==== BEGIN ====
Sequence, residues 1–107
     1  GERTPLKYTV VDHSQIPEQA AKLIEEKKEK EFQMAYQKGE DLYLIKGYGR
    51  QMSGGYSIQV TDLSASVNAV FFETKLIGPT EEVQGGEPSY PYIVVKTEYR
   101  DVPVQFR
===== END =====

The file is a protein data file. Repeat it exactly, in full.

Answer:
Sequence, residues 1–107
     1  GERTPLKYTV VDHSQIPEQA AKLIEEKKEK EFQMAYQKGE DLYLIKGYGR
    51  QMSGGYSIQV TDLSASVNAV FFETKLIGPT EEVQGGEPSY PYIVVKTEYR
   101  DVPVQFR